Travelers do not stumble upon Sapa, Vietnam. They travel there to see the awesome scenery and get a glimpse of the mountain communities in the area.
Most travelers catch night train in Hanoi and arrive in Sapa in the early morning. There are several departure times for night trains – try to catch the earliest. Watch for “phony porters” who will try to help you with your luggage and then try to extort $ 2 per bag for helping you. Avoid the whole scene by carrying your own bag to the train and keep your ticket in hand until you arrive at your assigned car. There will be a conductor at the car to take your ticket. Guard your ticket closely – you will need it when you arrive in Sapa.
Upon arrival in Sapa you will be offered a ride “up the mountain” by bus or taxi – unless you’ve made a reservation. Hang back and watch what kind of deal others are negotiating with drivers. Beware – there are “touts” that act a “middle men”. They get a % of the fare – the more you pay the more they get.
The trip to Sapa will take 1.5 to 2 hours. Hotels – you can make a reservation, consult a travel guide (online or book) for recommendations, or wait to see where the bus stops. Check with fellow travelers on the bus, some one may have been there before and has a good hotel in mind.
Or – you can ride to the end of the line. The bus will terminate at a hotel. Grab your gear, find a restaurant and have breakfast. This will give you time to survey the situation. Maybe talk to someone who is wearing a day/fanny pack (most people don’t carry all their gear with them when they are looking at the scenery) and find our if they’re at a “good” hotel.
Some people bypass Sapa and head for the mountain villages. You might check with a local tour agencies and see if you want to arrange a home stay tour for a night or two. This isn’t recommended because Sapa has a lot to offer on its own.
Before agreeing to a tour or guide services be sure to check the weather forecast and road conditions in the area you want to visit. Severe rain storms and landslides across roads are not uncommon around Sapa. If you’re traveling on to Dien Bien Phu be sure the roads are up to your standards.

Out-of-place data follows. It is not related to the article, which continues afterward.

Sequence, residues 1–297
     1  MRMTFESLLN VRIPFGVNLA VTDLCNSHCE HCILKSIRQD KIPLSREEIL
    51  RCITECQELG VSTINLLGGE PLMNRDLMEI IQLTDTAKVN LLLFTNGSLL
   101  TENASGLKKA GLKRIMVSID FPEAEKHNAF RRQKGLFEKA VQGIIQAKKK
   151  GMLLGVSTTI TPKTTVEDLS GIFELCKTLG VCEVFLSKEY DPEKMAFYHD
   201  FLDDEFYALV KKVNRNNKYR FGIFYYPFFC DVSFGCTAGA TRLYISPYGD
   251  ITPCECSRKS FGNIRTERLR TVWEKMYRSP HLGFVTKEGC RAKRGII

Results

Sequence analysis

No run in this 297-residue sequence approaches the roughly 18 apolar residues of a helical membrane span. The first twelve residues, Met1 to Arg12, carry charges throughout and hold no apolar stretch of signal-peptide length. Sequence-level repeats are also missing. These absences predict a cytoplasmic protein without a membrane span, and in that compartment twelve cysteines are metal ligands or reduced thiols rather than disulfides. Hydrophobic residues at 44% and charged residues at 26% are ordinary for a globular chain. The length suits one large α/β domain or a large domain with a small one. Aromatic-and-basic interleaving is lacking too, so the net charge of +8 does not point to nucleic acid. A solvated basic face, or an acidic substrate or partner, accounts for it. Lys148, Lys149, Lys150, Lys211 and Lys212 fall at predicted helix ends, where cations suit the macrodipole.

Arrange to go to one of the local villages to see what life is like for the mountain tribes (known locally as “ethnic minorities”). It’s much different than that of ethnic Vietnamese. Take a trek through the terraced rice fields and the surrounding mountains. Have a plan to stop for lunch or take it with you.
You will have a lot of chances to meet members of the mountain tribes as they work in the fields or in their villages.
Home stays are very popular and offer more exposure to the mountain way of life. Their style of living is unique and well worth experiencing. Evenings are spent watching traditional ethnic music performances and village life. Celebrating has been known to get out of hand when local liquor is consumed. Early morning life involves preparing breakfast, feeding animals, housekeeping and working in the family garden.
Check the amenities when arranging a home stay. Be sure of the sleeping accommodations. Most home stays offer beds with clean sheets, pillows, mosquito nets and western style toilets.
Some home stays (and other tours) offer opportunities to do some serious trekking from one village to another. Some treks can be fairly remote. People are pleasant but be sure to be respect local customs of the people here and ask permission to take photographs.
Before you leave Sapa consider visiting the local market, the garden around Sapa Lake and the cathedral. If you stay in Sapa for most of your visit these attractions are within walking distance, as is Cat Cat Village in the valley below.
Most travelers return to Lao Cai to catch the return night train to Hanoi. The railroad station is rather austere, but there are nearby attractions. There are several restaurants and Internet cafes close by.
You will arrive early enough back in Hanoi to allow for a full day in Hanoi or depart for a trip to Halong Bay.